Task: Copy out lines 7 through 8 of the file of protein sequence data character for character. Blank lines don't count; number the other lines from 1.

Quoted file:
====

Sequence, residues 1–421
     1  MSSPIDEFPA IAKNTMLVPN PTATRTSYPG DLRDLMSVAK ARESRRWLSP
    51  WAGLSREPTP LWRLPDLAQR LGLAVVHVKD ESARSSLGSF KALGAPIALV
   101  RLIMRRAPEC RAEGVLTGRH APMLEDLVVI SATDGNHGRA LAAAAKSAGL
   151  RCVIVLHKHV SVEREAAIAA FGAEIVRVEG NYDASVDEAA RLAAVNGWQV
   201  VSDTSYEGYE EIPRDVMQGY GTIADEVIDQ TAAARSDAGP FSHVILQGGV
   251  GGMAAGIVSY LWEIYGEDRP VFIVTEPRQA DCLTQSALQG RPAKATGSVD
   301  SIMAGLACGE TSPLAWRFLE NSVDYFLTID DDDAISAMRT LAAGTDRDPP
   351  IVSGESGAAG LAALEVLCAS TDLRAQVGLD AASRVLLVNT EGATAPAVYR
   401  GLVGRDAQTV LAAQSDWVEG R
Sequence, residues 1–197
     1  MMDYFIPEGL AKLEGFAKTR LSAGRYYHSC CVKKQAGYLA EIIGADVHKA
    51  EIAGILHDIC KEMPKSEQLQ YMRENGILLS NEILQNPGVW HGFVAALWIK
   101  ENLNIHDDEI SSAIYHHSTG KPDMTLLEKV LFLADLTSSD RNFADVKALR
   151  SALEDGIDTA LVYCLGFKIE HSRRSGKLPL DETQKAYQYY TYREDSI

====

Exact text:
   251  GGMAAGIVSY LWEIYGEDRP VFIVTEPRQA DCLTQSALQG RPAKATGSVD
   301  SIMAGLACGE TSPLAWRFLE NSVDYFLTID DDDAISAMRT LAAGTDRDPP